There are two options for text handling in Noda Time. For some elements of
formatting, you can follow the "normal" approach from the .NET Base Class
Library (BCL) - in particular, most of the core Noda Time types implements
IFormattable. However, no parsing support is provided in this way. (It used
to be, but the whole approach is so convoluted that documenting it accurately
proved too great an overhead.)
The preferred approach is to use the "pattern" classes such as
and so forth. This leads to clearer, more robust code, and performs better. The formatting
support present in the BCL style is mostly present to work well with compound format strings,
where you may wish to mix several values of different types in a single formatting call.
All the types responsible for text in Noda Time are in the NodaTime.Text namespace.
A pattern is an object capable of parsing from text to a specific
type, and formatting a value to text. Parsing and formatting don't
take any other options: the pattern knows everything about how to
map between the value and text. In particular, internationalization
is handled by having the pattern hold a
Whereas using the BCL approach the format information has to be specified on every call, using the pattern approach the format information is fixed for any particular pattern. Convenience methods are provided to create new pattern instances based on existing ones but with different internationalization information or other options.
Each core Noda type has its own pattern type such as
these patterns implement the
which has simple
Parse methods taking just the value
and text respectively. The result of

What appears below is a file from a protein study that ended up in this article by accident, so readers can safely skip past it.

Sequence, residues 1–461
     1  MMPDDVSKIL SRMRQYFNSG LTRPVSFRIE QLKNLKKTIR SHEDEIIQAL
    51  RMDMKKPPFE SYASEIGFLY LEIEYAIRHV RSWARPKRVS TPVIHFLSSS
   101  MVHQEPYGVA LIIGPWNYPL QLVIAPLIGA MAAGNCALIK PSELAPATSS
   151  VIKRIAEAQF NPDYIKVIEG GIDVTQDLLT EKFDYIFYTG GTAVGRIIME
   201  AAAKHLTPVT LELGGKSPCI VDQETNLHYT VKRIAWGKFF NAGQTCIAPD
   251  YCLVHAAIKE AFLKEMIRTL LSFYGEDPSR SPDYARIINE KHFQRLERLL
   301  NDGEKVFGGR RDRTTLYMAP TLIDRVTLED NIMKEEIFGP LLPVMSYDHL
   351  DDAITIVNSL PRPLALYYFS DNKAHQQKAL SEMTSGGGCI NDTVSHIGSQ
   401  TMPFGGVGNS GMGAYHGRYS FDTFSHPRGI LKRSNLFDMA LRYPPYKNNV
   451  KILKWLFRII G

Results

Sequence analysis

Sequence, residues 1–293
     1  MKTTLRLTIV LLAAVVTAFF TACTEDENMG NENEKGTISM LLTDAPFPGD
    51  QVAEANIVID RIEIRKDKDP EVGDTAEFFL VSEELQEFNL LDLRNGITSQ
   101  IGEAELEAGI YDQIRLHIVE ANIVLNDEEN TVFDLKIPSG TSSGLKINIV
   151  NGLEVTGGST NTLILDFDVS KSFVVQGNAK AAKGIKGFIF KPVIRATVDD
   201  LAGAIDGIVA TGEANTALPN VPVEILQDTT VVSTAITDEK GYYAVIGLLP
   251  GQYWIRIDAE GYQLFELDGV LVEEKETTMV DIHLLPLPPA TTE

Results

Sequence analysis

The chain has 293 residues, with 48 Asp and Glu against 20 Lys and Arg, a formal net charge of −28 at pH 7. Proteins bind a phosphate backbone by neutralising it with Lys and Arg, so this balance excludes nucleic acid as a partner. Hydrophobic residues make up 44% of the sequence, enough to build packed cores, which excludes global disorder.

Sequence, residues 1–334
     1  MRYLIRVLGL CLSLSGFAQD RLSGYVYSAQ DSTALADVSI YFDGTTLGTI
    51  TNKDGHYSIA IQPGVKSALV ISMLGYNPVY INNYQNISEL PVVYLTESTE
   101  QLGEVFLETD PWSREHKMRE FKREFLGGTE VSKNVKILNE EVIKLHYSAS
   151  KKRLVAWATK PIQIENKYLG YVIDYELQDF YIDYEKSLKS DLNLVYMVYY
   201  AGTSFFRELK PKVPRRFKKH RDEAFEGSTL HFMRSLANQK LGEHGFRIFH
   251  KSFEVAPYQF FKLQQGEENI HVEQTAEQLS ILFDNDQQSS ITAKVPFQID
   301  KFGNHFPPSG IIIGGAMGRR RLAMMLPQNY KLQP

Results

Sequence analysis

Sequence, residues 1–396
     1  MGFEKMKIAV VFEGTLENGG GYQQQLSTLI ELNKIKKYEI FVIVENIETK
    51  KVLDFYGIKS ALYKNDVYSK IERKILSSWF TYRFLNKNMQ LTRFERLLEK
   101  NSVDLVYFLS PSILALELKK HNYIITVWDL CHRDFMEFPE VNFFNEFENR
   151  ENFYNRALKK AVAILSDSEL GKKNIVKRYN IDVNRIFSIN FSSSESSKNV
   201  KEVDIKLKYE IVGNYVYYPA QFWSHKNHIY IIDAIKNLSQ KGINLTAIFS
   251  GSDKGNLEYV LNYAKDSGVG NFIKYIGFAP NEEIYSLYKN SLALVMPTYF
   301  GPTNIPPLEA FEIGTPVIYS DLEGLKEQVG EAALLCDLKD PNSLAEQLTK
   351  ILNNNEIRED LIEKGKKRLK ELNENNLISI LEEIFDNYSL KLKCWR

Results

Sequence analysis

Parse is a
encapsulates both success and failure results.
ToString(): Formats the value using the default pattern for the current thread's format provider.
ToString(string, IFormatProvider): Formats the value with the given pattern and format provider. The pattern text for this call is exactly the same as when creating a pattern object with the preferred API.
Each type has its own separate pattern text documentation. The available patterns are as consistent as possible within reason, but documenting each separately avoids confusion with some field specifiers being available for some types but not others.
Standard patterns are those denoted with a single character to represent a common pattern within the culture
being used. For example, the standard pattern
d for a
LocalDate is in month/day/year format in a US culture,
but day/month/year format in a UK culture. They're usually a shorthand for a possibly-culture-specific custom format,
but not always. (Some standard patterns in Noda Time can't be represented directly in custom patterns.)
Custom patterns give more direct control over how a value is formatted or parsed. It may
still be culture-sensitive like standard patterns, but in a lower level way - the
/ format specifier within a
LocalDate pattern is used to indicate
the culture-sensitive date separator, which is
/ in a US culture but
. in German culture, for example.
When a single character is specified for a pattern, it is always treated as a standard pattern. If no standard
pattern for that character exists, an exception is thrown. To create a custom pattern which would normally only
contain a single character, use
% to effectively "escape" the character. So a
LocalTime custom pattern which
formats the 24-hour hour-of-day without padding would be represented as
All custom patterns support the following characters:
||Escape to force a single-character custom pattern to be treated as such.||
||Open and close a text literal, which can include double quotes.||
||Open and close a text literal, which can include single quotes.||
||Escapes the following character.||
:always refers to the culture-specific time separator (a colon in the invariant culture)
/always refers to the culture-specific date separator (a forward slash in the invariant culture)
Any characters within a custom format which don't have a specific meaning are treated as text literals (when parsing, they must be matched exactly; when formatting they are reproduced exactly). This is supported mostly for the sake of compatibility. We strongly recommend that you quote any text literals, to avoid nasty surprises if extra characters take on special meanings in later versions.